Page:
One feature iPhone and iPad users can expect when iOS 6 ships this fall is support for FaceTime video chats over 3G wireless data connections, and cell service provider Sprint has committed to letting customers use the feature without paying. AT&T and Verizon, however, aren’t committing yet.
“We are committed to our unlimited data and that means not charging for data consumption based on the application,” a Sprint spokesperson told the Wall Street Journal.
A dialog suggesting users will need to pay to use FaceTime over 3G connections in the beta version of iOS 6 has led to speculation that AT&T plans to charge customers extra to video chat when not on Wi-Fi networks. AT&T isn’t commenting on the report, but did say it is working closely with Apple on the development of iOS 6 and “will share information with our customers as it becomes available.”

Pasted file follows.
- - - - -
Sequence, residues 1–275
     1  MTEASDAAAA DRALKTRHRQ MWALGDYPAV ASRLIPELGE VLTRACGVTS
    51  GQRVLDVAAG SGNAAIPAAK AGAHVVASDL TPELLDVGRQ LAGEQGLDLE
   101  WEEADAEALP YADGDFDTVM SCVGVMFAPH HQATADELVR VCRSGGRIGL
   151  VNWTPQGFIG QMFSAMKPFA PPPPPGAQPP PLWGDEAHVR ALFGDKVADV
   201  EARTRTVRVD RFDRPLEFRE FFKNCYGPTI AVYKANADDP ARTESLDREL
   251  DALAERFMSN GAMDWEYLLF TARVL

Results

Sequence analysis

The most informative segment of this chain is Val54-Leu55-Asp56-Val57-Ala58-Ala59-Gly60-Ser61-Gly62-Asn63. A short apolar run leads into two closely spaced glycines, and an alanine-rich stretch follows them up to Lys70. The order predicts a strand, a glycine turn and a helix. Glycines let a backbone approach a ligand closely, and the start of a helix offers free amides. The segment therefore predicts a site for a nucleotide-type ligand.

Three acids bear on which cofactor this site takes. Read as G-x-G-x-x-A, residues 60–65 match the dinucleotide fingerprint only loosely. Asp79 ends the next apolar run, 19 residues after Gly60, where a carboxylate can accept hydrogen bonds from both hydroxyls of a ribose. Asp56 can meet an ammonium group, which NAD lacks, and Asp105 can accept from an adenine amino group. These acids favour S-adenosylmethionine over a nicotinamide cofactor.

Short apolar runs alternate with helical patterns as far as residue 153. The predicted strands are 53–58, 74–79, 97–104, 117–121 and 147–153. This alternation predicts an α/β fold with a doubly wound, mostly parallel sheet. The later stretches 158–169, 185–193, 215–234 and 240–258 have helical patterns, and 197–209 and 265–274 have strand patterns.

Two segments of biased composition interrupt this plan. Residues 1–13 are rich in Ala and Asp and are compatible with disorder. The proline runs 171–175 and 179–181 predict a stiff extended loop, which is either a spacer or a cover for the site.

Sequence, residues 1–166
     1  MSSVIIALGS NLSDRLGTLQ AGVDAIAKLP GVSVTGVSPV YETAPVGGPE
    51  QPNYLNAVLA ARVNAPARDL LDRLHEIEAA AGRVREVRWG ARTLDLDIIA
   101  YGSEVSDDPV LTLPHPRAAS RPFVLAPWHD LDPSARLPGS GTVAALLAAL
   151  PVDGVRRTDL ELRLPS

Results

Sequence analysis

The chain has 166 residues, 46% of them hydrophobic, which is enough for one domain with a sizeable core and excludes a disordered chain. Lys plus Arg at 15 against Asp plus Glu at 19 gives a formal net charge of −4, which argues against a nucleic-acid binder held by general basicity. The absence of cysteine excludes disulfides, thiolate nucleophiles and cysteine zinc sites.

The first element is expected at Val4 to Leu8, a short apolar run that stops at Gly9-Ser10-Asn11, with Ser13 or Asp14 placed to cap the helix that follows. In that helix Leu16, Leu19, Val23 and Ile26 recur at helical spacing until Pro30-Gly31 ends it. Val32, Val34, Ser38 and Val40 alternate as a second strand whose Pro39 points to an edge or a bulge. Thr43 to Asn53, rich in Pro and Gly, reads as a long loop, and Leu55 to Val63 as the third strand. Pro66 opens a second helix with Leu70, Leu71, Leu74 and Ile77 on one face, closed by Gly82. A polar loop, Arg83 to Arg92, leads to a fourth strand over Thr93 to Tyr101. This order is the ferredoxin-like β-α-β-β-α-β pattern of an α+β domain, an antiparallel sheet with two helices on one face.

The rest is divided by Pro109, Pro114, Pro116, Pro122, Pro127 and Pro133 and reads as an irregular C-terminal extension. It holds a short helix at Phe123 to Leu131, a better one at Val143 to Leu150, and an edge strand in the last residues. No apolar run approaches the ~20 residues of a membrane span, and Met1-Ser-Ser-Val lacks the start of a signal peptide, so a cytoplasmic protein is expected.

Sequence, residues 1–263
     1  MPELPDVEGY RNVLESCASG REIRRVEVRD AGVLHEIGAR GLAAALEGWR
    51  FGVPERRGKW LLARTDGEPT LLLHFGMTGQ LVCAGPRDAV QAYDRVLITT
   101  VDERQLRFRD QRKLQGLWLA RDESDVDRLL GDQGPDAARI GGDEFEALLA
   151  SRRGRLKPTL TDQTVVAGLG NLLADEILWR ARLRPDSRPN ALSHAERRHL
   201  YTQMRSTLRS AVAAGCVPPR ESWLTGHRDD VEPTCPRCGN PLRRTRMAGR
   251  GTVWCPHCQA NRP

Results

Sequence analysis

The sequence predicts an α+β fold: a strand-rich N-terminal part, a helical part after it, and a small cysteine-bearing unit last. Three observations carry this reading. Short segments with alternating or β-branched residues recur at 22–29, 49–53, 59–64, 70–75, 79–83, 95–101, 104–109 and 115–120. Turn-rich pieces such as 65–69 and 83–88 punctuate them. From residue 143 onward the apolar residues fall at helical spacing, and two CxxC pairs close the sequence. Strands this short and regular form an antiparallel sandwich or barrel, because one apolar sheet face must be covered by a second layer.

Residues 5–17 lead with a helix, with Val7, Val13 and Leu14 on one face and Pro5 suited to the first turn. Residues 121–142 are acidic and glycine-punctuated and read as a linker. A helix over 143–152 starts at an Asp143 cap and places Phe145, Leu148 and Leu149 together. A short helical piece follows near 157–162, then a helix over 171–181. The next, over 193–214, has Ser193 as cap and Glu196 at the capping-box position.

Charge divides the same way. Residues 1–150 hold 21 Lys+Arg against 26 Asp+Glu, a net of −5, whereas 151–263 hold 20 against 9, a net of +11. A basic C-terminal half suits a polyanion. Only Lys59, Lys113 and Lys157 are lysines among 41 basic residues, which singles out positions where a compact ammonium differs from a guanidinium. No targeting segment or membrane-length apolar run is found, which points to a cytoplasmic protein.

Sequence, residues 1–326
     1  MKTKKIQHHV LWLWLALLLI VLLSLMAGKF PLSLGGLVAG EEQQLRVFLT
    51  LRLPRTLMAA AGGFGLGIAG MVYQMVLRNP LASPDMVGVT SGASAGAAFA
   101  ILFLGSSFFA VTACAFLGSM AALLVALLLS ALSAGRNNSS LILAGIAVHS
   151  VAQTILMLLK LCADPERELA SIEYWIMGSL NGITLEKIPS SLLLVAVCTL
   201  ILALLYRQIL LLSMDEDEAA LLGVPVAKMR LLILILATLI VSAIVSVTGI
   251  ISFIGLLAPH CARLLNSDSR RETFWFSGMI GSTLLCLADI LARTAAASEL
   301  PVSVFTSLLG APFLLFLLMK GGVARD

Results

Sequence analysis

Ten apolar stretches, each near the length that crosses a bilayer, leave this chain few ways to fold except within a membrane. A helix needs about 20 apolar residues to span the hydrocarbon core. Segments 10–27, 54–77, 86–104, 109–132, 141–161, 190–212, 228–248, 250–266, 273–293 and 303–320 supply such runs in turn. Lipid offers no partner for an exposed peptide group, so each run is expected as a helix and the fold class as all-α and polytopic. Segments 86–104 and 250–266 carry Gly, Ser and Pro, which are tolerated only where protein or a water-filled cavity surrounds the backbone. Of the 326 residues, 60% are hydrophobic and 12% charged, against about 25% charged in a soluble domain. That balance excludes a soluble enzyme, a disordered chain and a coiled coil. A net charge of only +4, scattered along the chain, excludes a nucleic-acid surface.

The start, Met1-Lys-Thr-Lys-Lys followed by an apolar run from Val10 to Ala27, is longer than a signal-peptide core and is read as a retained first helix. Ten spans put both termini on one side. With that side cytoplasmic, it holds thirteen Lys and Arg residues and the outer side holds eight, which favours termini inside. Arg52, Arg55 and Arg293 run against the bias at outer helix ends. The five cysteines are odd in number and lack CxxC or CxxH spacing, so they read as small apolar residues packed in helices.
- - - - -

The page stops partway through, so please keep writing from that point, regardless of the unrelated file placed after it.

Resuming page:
Verizon isn’t commenting on whether or not it plans to charge customers for FaceTime chats, either.
Currently, FaceTime video chatting is limited to Wi-Fi networks, but Apple will be opening the feature to 3G wireless data connections when iOS 6 ships. The feature uses the built-in front-facing camera in the iPhone, iPad and iPod touch for video chats, and is also available on the Mac.
Concern over how much wireless data customers will use for video chatting has carriers concerned, although Sprint doesn’t seem to think it will be a big issue. For AT&T and Verizon subscribers that don’t have unlimited data plans, the amount of data FaceTime could potentially use for video might be enough to keep them from using the feature when they aren’t on a Wi-Fi network.